Scientists have woken up 100-million-year-old microbes.

BBC is not intimidating us all with news that researchers with the Japan Agency for Marine-Earth Science and Technology have treated a colony of dormant microbes from the bottom of the South Pacific seabed like a packet of Sea Monkeys <tm>, fed them and given them plenty of oxygen, and found that the prehistoric little guys are now breeding happily in the lab:

“When I found them, I was first sceptical whether the findings are from some mistake or a failure in the experiment,” lead author Yuki Morono told AFP.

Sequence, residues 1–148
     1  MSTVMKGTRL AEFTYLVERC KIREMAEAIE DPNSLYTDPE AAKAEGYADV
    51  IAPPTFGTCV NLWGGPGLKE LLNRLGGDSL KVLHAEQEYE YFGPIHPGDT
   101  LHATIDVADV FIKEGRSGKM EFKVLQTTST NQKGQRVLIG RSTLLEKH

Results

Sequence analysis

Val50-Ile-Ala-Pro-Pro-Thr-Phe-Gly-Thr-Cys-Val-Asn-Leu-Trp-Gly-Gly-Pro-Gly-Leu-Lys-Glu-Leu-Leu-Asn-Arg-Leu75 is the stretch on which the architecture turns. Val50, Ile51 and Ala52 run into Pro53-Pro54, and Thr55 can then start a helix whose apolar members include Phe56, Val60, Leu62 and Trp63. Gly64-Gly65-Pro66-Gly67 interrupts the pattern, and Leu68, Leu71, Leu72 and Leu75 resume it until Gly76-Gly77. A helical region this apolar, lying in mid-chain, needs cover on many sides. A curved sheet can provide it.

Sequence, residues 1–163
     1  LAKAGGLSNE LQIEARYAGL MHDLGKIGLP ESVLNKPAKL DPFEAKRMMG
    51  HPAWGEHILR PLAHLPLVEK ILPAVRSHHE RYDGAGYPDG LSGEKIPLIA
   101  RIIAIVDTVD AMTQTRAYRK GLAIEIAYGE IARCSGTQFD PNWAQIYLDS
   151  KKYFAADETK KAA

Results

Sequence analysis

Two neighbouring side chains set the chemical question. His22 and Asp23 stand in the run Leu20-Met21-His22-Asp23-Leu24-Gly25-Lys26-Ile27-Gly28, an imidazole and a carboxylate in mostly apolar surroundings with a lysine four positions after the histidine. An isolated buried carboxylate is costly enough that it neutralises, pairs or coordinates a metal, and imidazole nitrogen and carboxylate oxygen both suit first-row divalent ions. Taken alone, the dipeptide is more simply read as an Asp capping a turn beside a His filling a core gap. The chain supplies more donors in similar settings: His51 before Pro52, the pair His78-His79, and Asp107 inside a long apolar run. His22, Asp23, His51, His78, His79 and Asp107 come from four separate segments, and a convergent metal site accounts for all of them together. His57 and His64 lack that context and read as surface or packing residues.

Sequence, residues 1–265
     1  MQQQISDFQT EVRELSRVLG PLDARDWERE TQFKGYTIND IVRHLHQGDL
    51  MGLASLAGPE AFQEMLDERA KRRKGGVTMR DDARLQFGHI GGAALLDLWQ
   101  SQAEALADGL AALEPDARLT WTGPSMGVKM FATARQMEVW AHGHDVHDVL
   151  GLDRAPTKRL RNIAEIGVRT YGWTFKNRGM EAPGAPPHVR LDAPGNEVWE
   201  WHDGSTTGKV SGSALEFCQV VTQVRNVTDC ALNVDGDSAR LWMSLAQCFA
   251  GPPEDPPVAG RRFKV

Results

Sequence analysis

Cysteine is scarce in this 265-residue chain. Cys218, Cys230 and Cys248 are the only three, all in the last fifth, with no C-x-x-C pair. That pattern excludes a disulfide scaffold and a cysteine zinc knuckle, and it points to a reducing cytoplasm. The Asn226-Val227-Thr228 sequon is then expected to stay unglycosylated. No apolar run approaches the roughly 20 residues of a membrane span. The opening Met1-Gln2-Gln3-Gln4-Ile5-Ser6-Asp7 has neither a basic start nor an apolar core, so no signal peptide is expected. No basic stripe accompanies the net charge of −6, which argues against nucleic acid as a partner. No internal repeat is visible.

“We now know that there is no age limit for [organisms in the] sub-seafloor biosphere”.

Professor and study co-author Steven D’Hondt, from the University of Rhode Island, said the microbes came from the oldest samples taken from the seabed.

“In the oldest sediment we’ve drilled, with the least amount of food, there are still living organisms, and they can wake up, grow and multiply,” he said.